Cyber Security – Am I really at risk?

These days, cyber security breaches at large corporations make headline news and have ramifications that last for years.  (LinkedIn’s breach in 2012 resurfaced as a current issue just last month).  However, many small business owners are reluctant to spend any time or effort on cyber security.  Some feel that the subject is just too complex.  They simply don’t have the resources to effectively protect their data.  Others feel that they have no data that is worth protecting.  Others, that cyber criminals are unlikely to be interested in them.  The security industry doesn’t help as it often plays on fear, uncertainty and doubt in an attempt to create a market.  So what is the real situation?  Is it worth worrying about?

Small businesses are targets

private dataFirst the bad news:  all of the properly-conducted research shows that large numbers of UK small businesses have had a cyber security incident in the last year.  Depending on what people define as an incident, the survey figures vary from 30% to well over 80%.  The simple fact is that, when a cyber criminal is searching for targets, they do not exclude small businesses from their search.  With such high chances of being targeted in any one year, it is reasonable to conclude that, sooner or later, your business will be a target.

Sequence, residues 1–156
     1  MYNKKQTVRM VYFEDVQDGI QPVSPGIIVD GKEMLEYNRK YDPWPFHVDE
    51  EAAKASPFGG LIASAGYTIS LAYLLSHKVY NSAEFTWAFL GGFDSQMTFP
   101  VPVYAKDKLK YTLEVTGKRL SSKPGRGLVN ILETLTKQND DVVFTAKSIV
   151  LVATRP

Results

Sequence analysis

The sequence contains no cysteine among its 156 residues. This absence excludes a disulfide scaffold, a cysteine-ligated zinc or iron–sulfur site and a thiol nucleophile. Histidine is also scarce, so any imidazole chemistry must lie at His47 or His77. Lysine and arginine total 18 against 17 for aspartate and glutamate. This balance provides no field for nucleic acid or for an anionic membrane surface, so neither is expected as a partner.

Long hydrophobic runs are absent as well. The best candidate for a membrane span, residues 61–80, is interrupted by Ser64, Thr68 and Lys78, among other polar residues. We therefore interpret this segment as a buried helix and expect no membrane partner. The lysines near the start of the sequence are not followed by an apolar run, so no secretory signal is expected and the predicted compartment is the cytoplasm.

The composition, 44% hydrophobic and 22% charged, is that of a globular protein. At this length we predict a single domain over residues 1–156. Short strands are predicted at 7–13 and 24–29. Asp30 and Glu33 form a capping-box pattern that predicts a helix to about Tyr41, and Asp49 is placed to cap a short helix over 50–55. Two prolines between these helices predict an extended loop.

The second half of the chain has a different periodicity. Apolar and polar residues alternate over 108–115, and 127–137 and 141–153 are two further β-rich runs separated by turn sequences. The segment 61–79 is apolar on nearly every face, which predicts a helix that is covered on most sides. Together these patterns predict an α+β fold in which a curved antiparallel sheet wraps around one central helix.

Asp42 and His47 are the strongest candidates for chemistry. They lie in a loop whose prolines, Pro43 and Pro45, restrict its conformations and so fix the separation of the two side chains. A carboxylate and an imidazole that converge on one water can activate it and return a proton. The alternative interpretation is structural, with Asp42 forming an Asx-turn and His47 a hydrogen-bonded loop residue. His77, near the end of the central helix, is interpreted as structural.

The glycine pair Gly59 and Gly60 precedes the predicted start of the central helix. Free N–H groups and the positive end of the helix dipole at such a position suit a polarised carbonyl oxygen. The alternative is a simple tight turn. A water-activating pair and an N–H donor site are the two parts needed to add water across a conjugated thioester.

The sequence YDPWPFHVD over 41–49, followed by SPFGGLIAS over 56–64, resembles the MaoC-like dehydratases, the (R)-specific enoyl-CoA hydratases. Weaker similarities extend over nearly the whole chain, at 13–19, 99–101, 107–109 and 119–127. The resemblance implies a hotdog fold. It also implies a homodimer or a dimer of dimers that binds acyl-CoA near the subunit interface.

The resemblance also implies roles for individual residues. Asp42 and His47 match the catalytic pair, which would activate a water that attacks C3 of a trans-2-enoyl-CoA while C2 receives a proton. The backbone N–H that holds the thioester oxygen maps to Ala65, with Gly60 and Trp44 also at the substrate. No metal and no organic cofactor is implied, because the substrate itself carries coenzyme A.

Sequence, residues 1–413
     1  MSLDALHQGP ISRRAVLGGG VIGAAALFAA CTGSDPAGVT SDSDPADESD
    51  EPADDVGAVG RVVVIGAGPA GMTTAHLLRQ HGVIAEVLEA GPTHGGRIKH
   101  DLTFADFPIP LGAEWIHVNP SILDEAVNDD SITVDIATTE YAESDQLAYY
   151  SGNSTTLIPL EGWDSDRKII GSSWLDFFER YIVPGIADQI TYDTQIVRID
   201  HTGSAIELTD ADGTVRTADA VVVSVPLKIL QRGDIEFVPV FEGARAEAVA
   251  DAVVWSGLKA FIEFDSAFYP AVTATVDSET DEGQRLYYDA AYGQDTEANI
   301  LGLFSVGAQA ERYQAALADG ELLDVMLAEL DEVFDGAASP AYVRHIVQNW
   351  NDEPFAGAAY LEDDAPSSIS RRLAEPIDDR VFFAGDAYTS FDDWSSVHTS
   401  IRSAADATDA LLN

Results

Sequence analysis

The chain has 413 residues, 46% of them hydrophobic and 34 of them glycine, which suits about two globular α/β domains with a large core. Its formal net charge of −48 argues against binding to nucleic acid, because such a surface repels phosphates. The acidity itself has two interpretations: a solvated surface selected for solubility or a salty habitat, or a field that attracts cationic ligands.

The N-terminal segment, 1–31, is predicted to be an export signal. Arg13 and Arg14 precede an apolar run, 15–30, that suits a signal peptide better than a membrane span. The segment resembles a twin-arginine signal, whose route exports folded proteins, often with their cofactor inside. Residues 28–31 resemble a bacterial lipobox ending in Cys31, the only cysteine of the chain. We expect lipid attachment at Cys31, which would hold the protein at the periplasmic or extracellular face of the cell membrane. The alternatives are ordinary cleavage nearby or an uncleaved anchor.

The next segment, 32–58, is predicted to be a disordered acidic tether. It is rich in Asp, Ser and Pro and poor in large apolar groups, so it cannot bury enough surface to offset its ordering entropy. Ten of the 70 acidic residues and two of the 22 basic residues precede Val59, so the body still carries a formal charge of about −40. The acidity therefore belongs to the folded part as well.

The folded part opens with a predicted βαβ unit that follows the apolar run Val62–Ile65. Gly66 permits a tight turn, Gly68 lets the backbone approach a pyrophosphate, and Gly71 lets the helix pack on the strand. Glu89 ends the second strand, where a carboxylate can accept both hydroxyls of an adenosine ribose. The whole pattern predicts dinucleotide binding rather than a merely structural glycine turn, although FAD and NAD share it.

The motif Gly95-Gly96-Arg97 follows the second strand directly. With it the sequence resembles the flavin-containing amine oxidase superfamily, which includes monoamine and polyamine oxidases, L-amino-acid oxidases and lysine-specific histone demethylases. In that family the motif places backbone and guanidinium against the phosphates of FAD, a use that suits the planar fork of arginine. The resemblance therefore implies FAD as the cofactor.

Security is not that difficult

Now the good news: it is actually not difficult to defend your business.  It is often said that you don’t need to have a high-end alarm system and doors like Fort Knox to deter burglars.  You just need to have better security than your neighbours.  The same is true in the cyber world.  If the cyber criminal targets your business and finds that you have effective defences, they are likely to quickly move on to an easier target.  Therefore a few simple steps can make all of the difference between falling victim or the attacker moving on to the next target.  The UK Government has an excellent scheme called Cyber Essentials (https://www.cyberstreetwise.com/cyberessentials/ ). This scheme explains very clearly what these steps are and how to achieve them.  Here are some of the basic steps:

  • Change default passwords and delete unnecessary user accounts
  • Use strong passwords
  • Remove unnecessary firewall rules and services
  • Remove unnecessary software
  • Disable “auto-run” features
  • Use security protection software
  • Update and patch all software regularly.